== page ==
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Limerick Chamber Chief Economist says opportunity exists to disrupt damaging pre-COVID aviation traffic patterns

Limerick Chamber Chief Economist Dr. Catriona Cahill presented her findings to the Joint Committee on Transport and Communications Networks. Picture: Liam Burke/Press 22

Limerick Chamber Chief Economist says opportunity exists to disrupt damaging pre-COVID aviation traffic patterns

Limerick Chamber Chief Economist

Limerick Chamber Chief Economist Dr. Catriona Cahill

 The pre-COVID-19 growth patterns at Irish airports cannot be repeated in recovery if we are to address regional imbalance, Limerick Chamber Chief Economist Dr. Catriona Cahill told the Joint Committee on Transport and Communications Networks.


Addressing the Committee this afternoon, Dr. Cahill said that the announcement on Tuesday of an additional support package worth €50 million to support the aviation sector in the short term is very welcome.


However, she stressed that there needs to be a long-term view taken in relation to aviation to ensure that the COVID-19 crisis does not exacerbate existing inequalities or, more particularly, regional imbalances.


“If we are to address regional imbalance in a serious fashion then the patterns that have emerged in the airports sector must not be allowed to continue. In the midst of this crisis, we should take the opportunity to address existing issues so that our new normal will not just replicate a damaging status quo but instead support targeted policy actions that develop our regional economies.”


Dr. Cahill said that Cork and Shannon airports need to be given official access to the regional airports programme and she recommended the implementation of a fund to support route development from regions outside of the capital as well as ensuring that Project Ireland 2040 and enterprise policy aligns with aviation policy.


“More challenging reforms relating to the potential redistribution of traffic are more medium to long term objectives, but it is crucial that the necessary discussions begin now so that this can soon become a reality,” she stated.


Dr. Cahill pointed to a report by Copenhagen Economics published jointly by Limerick, Shannon, Ennis and Galway Chambers. Among its findings was that the dominance of Dublin Airport in an Irish context should not be viewed as a natural state of affairs and such dominance is certainly not common in the EU.


“Other small open economies, where a similar concentration in market share has been observed, have implemented policy initiatives to counteract the dominance of the national airport and mitigate negative impacts on other airports. Schiphol is the only national airport with a larger share of the total number of passengers than Dublin and Dutch aviation policy has recently capped the number of aircraft movements through the national airport to alleviate bottlenecks in and around Amsterdam. Similar intervention by Governments have been seen in other countries most notably, but not exclusively, Austria.”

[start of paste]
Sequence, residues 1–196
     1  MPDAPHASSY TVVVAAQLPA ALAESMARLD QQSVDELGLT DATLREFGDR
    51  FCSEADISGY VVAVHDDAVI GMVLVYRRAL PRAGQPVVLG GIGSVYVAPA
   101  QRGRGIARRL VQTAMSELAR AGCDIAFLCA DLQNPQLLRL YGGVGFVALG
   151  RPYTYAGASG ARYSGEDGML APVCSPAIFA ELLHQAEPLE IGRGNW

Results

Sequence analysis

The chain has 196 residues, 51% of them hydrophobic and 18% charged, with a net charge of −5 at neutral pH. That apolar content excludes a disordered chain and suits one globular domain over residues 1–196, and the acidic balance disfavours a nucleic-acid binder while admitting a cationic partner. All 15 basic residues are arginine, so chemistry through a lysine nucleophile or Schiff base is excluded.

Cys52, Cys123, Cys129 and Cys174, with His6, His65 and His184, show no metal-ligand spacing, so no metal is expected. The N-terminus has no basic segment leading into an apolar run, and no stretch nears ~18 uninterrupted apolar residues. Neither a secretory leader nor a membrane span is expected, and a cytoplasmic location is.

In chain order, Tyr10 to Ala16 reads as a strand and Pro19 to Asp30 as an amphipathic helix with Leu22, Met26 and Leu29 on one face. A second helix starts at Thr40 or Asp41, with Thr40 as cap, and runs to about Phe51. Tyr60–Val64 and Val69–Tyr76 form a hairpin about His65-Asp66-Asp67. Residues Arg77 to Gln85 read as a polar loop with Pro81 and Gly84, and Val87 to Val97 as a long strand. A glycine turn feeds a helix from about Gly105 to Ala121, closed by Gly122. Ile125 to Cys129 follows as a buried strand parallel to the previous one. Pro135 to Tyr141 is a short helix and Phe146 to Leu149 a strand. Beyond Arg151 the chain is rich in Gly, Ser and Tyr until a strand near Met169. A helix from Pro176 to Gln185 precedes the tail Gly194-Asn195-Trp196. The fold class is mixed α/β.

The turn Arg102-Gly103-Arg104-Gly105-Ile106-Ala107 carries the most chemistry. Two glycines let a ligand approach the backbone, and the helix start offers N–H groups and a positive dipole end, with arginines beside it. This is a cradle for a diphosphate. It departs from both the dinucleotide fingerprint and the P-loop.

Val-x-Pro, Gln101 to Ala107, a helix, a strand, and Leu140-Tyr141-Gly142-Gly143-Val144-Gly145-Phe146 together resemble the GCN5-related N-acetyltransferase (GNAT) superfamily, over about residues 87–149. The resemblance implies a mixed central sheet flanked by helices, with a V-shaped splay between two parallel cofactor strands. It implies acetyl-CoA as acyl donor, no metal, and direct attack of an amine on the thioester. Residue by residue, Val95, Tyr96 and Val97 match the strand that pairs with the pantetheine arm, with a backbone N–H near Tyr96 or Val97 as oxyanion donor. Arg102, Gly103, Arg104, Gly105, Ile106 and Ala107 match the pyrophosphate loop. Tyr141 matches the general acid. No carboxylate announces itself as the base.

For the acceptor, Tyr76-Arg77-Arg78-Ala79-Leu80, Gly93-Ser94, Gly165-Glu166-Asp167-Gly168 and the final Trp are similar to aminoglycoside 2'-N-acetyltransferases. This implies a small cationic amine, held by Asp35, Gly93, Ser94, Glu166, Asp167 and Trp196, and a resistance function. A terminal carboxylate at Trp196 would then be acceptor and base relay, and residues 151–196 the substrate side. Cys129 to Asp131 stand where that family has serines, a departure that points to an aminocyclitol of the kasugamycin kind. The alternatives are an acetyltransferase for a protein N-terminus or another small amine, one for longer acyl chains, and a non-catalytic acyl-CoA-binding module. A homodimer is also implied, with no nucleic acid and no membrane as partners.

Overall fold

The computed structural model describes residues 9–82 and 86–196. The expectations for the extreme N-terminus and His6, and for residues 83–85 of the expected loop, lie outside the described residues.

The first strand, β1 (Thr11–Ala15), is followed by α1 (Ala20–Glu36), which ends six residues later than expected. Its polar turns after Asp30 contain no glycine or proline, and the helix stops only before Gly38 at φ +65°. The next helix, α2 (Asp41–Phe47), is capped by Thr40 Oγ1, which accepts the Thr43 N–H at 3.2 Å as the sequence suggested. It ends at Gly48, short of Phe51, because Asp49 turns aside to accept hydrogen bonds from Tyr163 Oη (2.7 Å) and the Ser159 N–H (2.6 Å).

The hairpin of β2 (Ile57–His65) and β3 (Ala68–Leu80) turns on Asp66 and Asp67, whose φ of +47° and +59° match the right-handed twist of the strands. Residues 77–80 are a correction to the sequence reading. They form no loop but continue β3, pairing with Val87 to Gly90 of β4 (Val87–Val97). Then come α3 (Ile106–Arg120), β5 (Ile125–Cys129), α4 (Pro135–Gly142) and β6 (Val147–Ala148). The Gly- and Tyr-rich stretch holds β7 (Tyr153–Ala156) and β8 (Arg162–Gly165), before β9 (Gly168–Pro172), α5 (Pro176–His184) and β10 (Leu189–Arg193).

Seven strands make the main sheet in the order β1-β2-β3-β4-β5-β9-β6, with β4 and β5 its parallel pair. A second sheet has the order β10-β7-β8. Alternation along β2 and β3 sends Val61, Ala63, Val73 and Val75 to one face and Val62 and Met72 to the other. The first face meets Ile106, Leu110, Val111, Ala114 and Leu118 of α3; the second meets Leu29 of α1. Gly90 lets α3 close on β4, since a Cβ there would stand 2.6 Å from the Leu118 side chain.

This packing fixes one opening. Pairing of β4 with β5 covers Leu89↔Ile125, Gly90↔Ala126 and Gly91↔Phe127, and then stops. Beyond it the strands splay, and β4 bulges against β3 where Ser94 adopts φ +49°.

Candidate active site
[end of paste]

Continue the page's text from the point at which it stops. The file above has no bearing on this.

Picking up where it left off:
Dr. Cahill stated that the call for greater balance is not a regional versus Dublin argument. “For Ireland to thrive, Dublin needs to thrive but so do the regions. These do not need to be competing interests. National policy recognises the key role that airports play in supporting growth in the regions. Yet some worrying trends have begun to emerge in recent years particularly with regards to national passenger share.


“Between 2013 and 2019 passenger numbers at Shannon grew by 270,000 and in Cork by 342,000. Dublin Airport in the same period, however, exhibited growth in passenger numbers of 12.8 million and last year won 96% of all new passengers into Ireland.”


She continued: “As it stands the reinstatement of routes lost to date will be based on commercial decisions taken by airlines. During the recovery, there is a risk that airlines will focus on Capital airports given the size of their catchment area and this will have serious implications for the timeline of the restoration of routes in regional airports and as a consequence the speed of the economic recovery.


“This is concerning not only for the aviation sector itself but also for the many businesses and organisations that depend on the operations of the airports within our regions. As a small island economy connectivity is crucial. Regional airports in particular play an important role in not just attracting FDI to a region but also in retaining it. Furthermore, regional airports make significant contributions to the national economy. For example, Cork and Shannon airports contribute approximately €1bn and €3.6bn respectively to the Irish economy.”


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